Software exclusion dominates second reading patents debate

The ban on patents for software and rival re-wordings of the pertinent provision dominated the second-reading debate of the Patents Bill in Parliament yesterday

The ban on patents for software and rival re-wordings of the pertinent provision dominated the second-reading debate of the Patents Bill in Parliament yesterday.

Bill sponsor Commerce Minister Craig Foss has put forward a Supplementary Order Paper (SOP) with an amendment inserting the qualification “as such” to the simple statement in the current version of the Bill, “a computer program is not a patentable invention.”

Opposition ICT spokesperson Clare Curran accused Foss of “stuffing up” the products of Kiwi ingenuity in the software industry with his SOP.

Curran renewed her call to know “where the wording of that SOP came from”.

Opposition MP Lianne Dalziel, who was chair of the Commerce Select Committee when much of the work on the Bill was done, suggested the wording of Foss’s SOP was influenced by similar multinational software lobbies to those that steered the infamous meeting in June 2010 between government officials and representatives of multinational – as well as some local - software companies after the Commerce Select Committee had reported back on public submissions.

There should have been wider consultation on the latest amendment, said Curran. If current Defence and State Services Minister Jonathan Coleman had been commerce minister, said Labour member Clayton Cosgrove, he would have been more in agreement with the Select Committee’s original stance and consulted more widely before “firing a torpedo into the Committee’s consensus.”

Curran has tabled her own SOP, reflecting the anti-software patent petition of the past week, which attracted 1078 signatures in a few days. Curran’s amendment removes the phrase “as such” and specifies – much more clearly, she says - that the software exclusion “does not prevent an invention that makes use of an embedded computer program from being patentable”.

An embedded program is one that controls a physical piece of machinery.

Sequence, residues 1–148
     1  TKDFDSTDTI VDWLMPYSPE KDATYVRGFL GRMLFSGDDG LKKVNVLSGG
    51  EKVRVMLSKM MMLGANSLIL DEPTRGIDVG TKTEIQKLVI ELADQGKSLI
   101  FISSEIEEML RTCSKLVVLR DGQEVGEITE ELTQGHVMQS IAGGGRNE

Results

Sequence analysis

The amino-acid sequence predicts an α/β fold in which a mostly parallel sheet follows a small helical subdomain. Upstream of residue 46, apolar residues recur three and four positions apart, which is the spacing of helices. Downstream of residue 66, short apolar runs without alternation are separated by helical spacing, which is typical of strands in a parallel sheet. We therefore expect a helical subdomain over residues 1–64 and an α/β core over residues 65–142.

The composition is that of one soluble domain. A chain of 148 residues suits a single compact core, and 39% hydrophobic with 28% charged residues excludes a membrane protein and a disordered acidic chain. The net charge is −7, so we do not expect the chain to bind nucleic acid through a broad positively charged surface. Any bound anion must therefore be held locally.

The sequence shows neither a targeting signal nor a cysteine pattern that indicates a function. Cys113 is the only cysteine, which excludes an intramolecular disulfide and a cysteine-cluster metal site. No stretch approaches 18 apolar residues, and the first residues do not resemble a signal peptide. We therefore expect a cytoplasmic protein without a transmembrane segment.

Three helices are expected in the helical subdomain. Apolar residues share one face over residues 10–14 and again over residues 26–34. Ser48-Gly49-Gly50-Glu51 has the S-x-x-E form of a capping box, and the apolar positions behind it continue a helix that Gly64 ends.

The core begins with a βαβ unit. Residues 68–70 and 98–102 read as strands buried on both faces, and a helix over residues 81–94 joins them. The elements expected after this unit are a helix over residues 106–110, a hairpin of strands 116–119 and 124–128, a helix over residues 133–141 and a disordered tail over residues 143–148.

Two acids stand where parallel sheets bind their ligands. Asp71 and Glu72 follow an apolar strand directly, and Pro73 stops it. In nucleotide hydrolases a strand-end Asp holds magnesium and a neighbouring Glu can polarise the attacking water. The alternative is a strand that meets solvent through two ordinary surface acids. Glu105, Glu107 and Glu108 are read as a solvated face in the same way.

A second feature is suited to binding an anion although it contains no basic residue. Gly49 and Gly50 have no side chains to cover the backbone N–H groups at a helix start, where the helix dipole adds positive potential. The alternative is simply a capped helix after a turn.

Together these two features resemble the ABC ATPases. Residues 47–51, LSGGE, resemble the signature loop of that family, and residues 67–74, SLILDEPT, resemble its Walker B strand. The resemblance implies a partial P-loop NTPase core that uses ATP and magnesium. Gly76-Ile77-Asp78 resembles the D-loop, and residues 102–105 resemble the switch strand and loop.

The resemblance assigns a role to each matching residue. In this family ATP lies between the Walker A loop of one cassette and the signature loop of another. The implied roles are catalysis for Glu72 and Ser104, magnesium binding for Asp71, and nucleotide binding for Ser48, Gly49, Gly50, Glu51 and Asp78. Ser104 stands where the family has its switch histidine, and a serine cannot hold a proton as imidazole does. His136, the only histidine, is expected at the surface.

Curran succeeded at her second attempt to have the anti-software-patent petition itself tabled in Parliament; her first attempt met with an objection.

Labour’s Lianne Dalziel and Trevor Mallard referred to the fact that former chief executive of industry association NZICT, Brett O’Riley, who was involved in organising the 2010 meeting, is now working for the Ministry of Business, Innovation and Employment.

Reminded by a note from a colleague and a tweet from Computerworld that O’Riley was in the Ministry of Science and Innovation part of MBIE, not the Ministry of Economic Development part, Mallard backed off from his belief that O’Riley might be responsible in future for vetting patents.

“I tried to correct when passed note. I was wrong.” Mallard tweeted in response to this reporter.

“To be fair that wasn't the point,” Curran tweeted back. “[The point] was that there was a back-room deal done on the Patents Bill.” Foss’s amendment, she said, would give the pro-software-patent lobby more even than they hoped for after the 2010 meeting.

The House rose for dinner at 6 pm and when it reconvened at 7:30, there was a minute and a half of debating time left. Mallard used this to quote Xero design head Philip Fierlinger as saying the company has not sought patents for its products because “we welcome competition” and appreciates the ability that a patent-free software business gives Xero to “stand on the shoulders of giants.”

Parliament’s final order paper for today places the next step, the Committee stage of the Patents Bill, at No. 13 in the order of business. This will make further debate this week unlikely.

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